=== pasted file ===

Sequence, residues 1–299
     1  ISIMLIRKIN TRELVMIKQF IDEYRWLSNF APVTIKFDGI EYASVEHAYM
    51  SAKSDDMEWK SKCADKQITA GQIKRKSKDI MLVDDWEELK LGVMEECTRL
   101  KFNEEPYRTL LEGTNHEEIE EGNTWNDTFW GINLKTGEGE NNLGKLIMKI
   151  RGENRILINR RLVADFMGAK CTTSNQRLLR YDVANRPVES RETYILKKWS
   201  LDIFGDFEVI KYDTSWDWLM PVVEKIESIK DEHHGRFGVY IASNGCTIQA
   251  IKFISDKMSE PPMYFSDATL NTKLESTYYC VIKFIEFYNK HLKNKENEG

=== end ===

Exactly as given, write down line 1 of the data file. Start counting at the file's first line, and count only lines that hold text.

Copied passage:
Sequence, residues 1–299